He’d been looking forward to this hike, his first on his own in years. He wouldn’t need to carry a tent, or sleeping bag, or much else really. He planned to spend his nights in shelters along the trail, the one he started out on and hadn’t seen for two days.
The howls echoed again through the forest, startling Roger. He hoisted the half-zipped pack over one arm and took off, making his way through the trees as briskly as possible, the haphazard gallop creating an orchestra of crashing feet and snapping twigs.
The forest was dimly lit by the near horizontal rays of sunlight beaming through the tall stands, the sun itself nestled along a distant mountain side, bidding adieu to the jagged landscape for another long night.
Roger tried to place his steps as carefully as possible. His toe nipped a root, causing him to stumble before regaining his balance. Soon he tripped on a rock, again managing to stay on his feet.
Suddenly he felt a shiver, the sensation of being followed, race up his spine, sending him into an uncontrollable frenzy.
The pounding of his heart increased, as did his pace. Thoughts of all kinds terrible filled his head. Would these be my last moments? He thought.
Any intention of maintaining a steady course had been lost. He moved as fast as possible in all directions at once and at the same time in none at all, trying to get anywhere but here. To get back to the warm comforts of home. Where he could laugh with his family, fill his empty belly, and enjoy a good night’s rest.
Hearing the rustling of brush and the snapping of twigs behind him, Roger desperately stretched his neck around to spot his followers. Before he could determine how close his assailants were, he tripped.
Roger crashed onto the forest floor and barreled down a slope, the green and brown twilight world spinning around and around. He tumbled in a cloud of forest litter, losing his pack along the way, before coming to an abrupt, violent halt.
Roger awoke to a world of darkness closing in around him. Instinctively, he took inventory of his condition. A matted, viscous mixture of blood, pine needles and dirt covered his face, his knees were bleeding again, and he felt the dull throb of bruising along his hip and back.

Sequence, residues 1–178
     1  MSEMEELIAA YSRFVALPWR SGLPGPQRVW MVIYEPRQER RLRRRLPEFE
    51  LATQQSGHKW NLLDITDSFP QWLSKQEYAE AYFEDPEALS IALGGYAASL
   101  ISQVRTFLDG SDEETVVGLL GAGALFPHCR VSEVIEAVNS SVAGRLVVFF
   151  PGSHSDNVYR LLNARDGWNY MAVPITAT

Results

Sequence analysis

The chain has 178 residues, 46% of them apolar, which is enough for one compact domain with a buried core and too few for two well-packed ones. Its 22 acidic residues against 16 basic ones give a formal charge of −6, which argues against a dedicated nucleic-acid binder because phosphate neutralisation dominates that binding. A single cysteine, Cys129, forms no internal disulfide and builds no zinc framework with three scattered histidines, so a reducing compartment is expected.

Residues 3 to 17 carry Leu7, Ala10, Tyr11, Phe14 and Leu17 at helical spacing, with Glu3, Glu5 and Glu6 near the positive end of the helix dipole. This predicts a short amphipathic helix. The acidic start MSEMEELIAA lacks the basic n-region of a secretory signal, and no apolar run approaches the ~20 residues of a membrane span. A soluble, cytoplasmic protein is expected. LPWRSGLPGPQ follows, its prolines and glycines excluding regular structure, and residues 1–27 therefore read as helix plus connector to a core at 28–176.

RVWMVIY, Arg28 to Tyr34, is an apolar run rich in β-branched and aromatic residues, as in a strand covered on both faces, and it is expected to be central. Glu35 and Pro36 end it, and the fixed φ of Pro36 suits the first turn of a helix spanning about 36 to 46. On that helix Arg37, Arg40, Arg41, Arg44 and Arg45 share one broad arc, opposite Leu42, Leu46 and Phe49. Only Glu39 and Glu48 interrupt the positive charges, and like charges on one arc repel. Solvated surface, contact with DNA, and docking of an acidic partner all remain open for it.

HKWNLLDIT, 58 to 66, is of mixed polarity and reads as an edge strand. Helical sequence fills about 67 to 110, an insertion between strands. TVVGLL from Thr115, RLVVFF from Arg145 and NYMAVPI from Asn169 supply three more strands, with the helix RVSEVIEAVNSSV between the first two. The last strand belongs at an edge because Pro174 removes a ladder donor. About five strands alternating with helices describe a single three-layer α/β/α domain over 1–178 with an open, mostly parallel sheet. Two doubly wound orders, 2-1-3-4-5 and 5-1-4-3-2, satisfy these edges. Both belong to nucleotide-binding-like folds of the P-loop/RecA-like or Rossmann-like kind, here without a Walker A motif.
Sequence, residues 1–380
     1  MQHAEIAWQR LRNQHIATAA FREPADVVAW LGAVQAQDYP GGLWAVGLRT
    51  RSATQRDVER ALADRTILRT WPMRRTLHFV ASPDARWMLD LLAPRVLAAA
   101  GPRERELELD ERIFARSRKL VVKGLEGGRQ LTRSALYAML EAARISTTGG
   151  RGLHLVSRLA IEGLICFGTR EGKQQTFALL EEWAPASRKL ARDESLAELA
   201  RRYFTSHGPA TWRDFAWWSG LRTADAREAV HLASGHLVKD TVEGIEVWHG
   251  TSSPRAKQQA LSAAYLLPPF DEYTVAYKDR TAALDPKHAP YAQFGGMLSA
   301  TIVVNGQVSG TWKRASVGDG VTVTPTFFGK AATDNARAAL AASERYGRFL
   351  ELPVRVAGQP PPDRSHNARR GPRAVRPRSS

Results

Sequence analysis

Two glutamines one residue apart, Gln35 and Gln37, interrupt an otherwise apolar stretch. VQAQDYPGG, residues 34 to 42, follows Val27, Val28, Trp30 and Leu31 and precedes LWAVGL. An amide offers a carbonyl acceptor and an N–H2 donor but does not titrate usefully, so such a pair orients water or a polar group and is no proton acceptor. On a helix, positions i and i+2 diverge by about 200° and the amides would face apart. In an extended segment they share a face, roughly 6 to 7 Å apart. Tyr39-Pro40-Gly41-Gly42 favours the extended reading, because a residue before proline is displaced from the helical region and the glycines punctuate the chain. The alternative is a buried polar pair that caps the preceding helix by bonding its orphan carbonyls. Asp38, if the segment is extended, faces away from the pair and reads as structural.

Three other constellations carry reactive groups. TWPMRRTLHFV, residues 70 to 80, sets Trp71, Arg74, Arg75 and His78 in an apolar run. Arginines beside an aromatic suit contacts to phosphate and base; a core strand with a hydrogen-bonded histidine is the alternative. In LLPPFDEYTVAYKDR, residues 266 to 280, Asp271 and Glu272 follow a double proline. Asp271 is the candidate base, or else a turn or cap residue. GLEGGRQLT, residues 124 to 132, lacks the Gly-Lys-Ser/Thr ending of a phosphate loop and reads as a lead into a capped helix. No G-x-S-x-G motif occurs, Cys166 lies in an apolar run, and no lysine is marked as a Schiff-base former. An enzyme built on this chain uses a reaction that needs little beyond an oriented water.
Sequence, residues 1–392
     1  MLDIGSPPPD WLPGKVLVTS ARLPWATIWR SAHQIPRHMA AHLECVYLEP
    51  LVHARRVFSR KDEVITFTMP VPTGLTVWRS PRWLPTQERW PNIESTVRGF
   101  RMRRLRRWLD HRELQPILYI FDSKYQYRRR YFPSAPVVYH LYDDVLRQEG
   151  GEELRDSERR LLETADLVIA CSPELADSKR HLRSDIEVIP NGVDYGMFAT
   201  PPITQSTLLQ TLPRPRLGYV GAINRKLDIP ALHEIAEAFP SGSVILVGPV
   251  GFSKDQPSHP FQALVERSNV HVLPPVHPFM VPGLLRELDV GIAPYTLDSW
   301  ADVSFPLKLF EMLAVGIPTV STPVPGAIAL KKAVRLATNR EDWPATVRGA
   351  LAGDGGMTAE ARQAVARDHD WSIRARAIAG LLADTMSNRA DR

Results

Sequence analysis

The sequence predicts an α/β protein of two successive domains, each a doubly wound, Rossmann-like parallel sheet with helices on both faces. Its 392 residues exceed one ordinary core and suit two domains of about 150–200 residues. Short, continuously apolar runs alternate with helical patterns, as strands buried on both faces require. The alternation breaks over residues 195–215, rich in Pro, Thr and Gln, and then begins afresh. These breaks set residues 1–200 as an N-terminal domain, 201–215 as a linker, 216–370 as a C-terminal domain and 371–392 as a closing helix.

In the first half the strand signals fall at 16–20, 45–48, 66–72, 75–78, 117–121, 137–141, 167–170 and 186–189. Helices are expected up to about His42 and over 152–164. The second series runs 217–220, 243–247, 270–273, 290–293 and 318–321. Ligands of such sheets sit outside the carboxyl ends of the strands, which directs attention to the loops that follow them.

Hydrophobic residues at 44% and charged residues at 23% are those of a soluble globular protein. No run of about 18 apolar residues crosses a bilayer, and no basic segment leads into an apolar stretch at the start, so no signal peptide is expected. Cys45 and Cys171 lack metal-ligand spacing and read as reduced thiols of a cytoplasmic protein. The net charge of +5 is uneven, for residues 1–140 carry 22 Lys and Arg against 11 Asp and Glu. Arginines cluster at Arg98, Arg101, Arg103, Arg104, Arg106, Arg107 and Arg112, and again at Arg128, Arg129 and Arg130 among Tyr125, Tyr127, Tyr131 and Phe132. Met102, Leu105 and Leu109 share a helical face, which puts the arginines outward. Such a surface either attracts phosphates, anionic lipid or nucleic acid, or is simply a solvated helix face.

As he sat up, leaning against the stump that broke his fall, a shadowy figure came into view. Roger shook the cobwebs from his head, as if the image was a mirage, and focused his eyes as much as he could.
There it was, standing about 3 feet high, the light gray coat silhouetted against the darkness.
Roger’s spine straightened, jerking him up, his heart pounding uncontrollably. Every hair on his body stood at attention, his skin roiling with goosebumps.
His lungs churned out puffs of breath, creating a fog in the chilly air. The wolf matched Roger’s breaths with those of its own, producing its own fog, the only indication that either motionless being was alive.
The wolf’s ears were erect and pointed directly at Roger, its two devilish eyes shined within the darkness of its figure.
As the creature measured him from a distance, Roger conceded. Unarmed, exhausted, and hopeless, tears borne of gentle resignation began streaming down his bloody cheeks.
Visions of Susan and the boys filled his head, at first smiling and playing in the back yard, then devastated when they learn of his death.
The irresistible weight of responsibility smothered him. He should have brought his map, he should have checked the batteries in his GPS, he should have just stayed home.
Roger remained frozen as the wolf peered deep into his soul, its piercing glare splitting Roger’s outer shell, revealing his contents. Then, abruptly and without warning the wolf turned and left, curiously stopping once to look back at Roger before continuing on its way. Roger gasped in disbelief, the wolf’s appraisal had found more in him than he knew existed.
He rose off the stump, a jolt of adrenaline pushing him to his feet. Gathering his scattered pieces and reconstructing what remained, he emerged greater than when he began.
There among the trees and darkness, during the infant moments of the rest of his life, he caught a glimpse of his salvation. In the distance a light, illuminated by the darkness, too bright and angular to be anything other than a window.
Roger’s aimless trek through the wilderness of his life was almost over. Frayed and tattered, he took the first steps on his way home.